Horse Racing Commission poised to fire long-time executive director

The Indiana Horse Racing Commission is expected on Saturday to fire the man who has guided the industry since the state legalized parimutuel wagering 25 years ago.

The commission is scheduled to hold an executive session at 9:15 a.m. Saturday followed by a regular meeting, where members are expected to replace Joe Gorajec, the commission's executive director since 1990.

Commissioners are frustrated with Gorajec for being too focused on enforcing regulations and not focused enough on marketing and promoting horse racing within the state, IHRC Chairman Thomas Weatherwax said.

“We’re not going to do one thing to take away our integrity in this industry,” he said.

Weatherwax praised Gorajec's performance, but said it may be time to go in another direction.

“We’re at a crossroads,” said Weatherwax, a Republican who served 24 years as a state senator before retiring in 2008. “It just takes a little different attitude to take it to the next level. We’re going to be doing more to promote and market our business and get more people involved. Everything I’m telling you is economic development.”

All five commissioners are appointees of the govenor, who also selects the chairman. Weatherwax said Gov. Mike Pence supports the commission's handling of the matter.

Gorajec’s long-time assistant, Deena Pitman, is expected to take over as interim executive director.

Weatherwax said he plans a national search for Gorajec’s replacement, with the goal of having the new director in place when the horse racing season begins in May.

“You’re not going to find someone to replace the quality of Joe Gorajec growing on trees,” Weatherwax said. “We have a difficult job in front of us.”

Gorajec has become nationally known for his tough stance on regulatory issues including guidelines for drug use and medical care for racehorses. Weatherwax said Gorajec’s “real calling” may be in working on these issues on the national level—possibly for the Association of Racing Commissioners International.

Weatherwax said he was set to meet Gorajec and discuss his job responsibilities earlier this week, but Gorajec canceled that meeting. He said he hasn’t talked to Gorajec in three days.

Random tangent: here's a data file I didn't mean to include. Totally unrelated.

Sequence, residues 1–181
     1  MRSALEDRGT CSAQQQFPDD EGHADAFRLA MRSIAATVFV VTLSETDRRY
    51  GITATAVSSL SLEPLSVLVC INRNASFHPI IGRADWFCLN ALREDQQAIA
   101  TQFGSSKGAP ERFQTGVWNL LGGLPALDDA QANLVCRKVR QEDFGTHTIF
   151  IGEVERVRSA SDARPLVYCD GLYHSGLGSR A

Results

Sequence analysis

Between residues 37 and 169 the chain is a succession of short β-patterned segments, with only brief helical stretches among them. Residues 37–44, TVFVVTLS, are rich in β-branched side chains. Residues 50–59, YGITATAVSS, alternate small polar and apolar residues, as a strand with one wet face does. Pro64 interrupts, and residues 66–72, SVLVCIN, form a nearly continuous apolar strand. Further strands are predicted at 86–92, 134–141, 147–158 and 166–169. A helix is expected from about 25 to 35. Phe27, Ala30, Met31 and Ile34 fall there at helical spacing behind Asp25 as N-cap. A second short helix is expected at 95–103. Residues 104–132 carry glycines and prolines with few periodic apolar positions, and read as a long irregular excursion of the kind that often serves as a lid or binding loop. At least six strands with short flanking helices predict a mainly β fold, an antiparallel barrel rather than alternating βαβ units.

“What I’m telling you is what I’d be telling Joe if he’d talk to me,” said Weatherwax, who became IHRC chairman last year. “I am so shocked in the way Joe is handling this.”

IBJ could not reach Gorajec for comment.

One source in the horseracing industry said Friday that “most of the people involved in this industry are happy with the job Joe is doing.” But another told IBJ there is some unhappiness with a lack of initiatives under Gorajec to help market and grow the state equine industry.

Just 1,200 mares were bred in the state this year, down from 3,400 four years ago—a decline one industry insider blamed partly on Gorajec's iron-fisted regulatory style.

“The economic impact is going the wrong way when it should be going the right way,” said one horse owner. “The industry is shrinking and it shouldn’t be.”

Ray Paulick, publisher of The Paulick Report, a Lexington, Kentucky-based publication that covers horseracing, contends Gorajec is getting fired for doing what he’s supposed to do.

“In my opinion, (the firing) is because Gorajec has done too good a job in regulating horseracing and attempting to ensure integrity for those who participate as owners, trainers or bettors,” Paulick said. “He has stepped on toes, and some of those toes may belong to people who have friends in high places in Indiana politics.”



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